Why the central lower 1/3rd of the face ages


The central lower 1/3rd of the face is the area bordered by the base of the nose, superiorly, the chin, inferiorly and the right and left oral commissures (angles of the mouth).  Many initial consults are motivated by features, which are perceived as objectionable and these include: 1. perioral lipstick "bleed" lines; 2. loss of lip fullness; 3. change in shape of the lip posture; 4. nasolabial lines or folds which extend from the nasal base inferiorly; 5. "marionette's" lines, originating from the corner of the lips, downward; 6. prejowl sulcus (apparent "dents" in front of the jowls); 7. deepening of the labiomental groove (horizontal line above the chin); 8. "cobblestoning" or dimples over the chin and adjacent to it. Anatomy explains many of these findings.  Repetitive movements involved in chewing, puckering, grimacing and smiling require muscular action, which in turn etch wrinkles onto the overlying skin. Botox is used regularly in the brow to prevent wrinkles, however the dose typically used to temporarily soften the lipstick bleed and puppet lines must perforce be adjusted downwards, so as to not compromise the sphincteric function of the muscles.   The loss of fat in the lips, over the chin, overlying the canine teeth may be manifest as shadows or depressions; fillers may restore their contours. Bone recession in the jaw and teeth ultimately makes the framework less robust to support the soft tissue.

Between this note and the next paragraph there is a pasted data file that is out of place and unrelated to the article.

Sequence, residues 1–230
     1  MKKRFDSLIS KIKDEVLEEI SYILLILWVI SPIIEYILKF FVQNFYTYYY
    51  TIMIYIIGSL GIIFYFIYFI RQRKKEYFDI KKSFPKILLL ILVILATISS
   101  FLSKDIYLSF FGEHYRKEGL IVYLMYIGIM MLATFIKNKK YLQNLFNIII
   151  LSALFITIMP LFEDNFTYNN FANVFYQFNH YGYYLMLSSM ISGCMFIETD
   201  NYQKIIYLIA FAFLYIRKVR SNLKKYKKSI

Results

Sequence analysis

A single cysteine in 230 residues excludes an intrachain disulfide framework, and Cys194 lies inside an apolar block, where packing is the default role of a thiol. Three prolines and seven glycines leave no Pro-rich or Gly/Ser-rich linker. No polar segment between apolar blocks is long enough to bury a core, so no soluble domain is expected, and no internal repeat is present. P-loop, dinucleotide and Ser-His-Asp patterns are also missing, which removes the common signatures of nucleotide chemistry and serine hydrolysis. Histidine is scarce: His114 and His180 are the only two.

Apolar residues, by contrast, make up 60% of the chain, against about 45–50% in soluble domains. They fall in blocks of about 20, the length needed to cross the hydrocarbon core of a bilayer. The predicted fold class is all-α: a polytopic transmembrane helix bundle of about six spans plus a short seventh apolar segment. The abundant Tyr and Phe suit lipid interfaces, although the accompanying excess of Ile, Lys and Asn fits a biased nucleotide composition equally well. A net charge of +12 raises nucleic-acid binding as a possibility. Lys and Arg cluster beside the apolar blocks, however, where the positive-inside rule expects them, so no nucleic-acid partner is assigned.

Solutions usually require combination therapy: neuromuscular toxins, dermal fillers but can also include good skin care, gradual collagen stimulation (Pelleve, Ultherapy), silicone lip and/or cheek implants, chemical peels and laser resurfacing.  The choice of modalities is predicated on the patient's Fitzpatrick skin type, expectations, available down time, health.  Whether evaluating a newbie 40-something or incorporating full rejuvenation in tandem with a facelift, success depends on identifying the offending features, articulating solutions and implementing them with a gentle hand and measured aesthetic sense.  Overcorrection of any so called defect invariably upsets the balance and creates a cartoonish look, which are variably named "trout pout", puffer cheeks, etc.  In all things moderation.   
Article by
Orange County Plastic Surgeon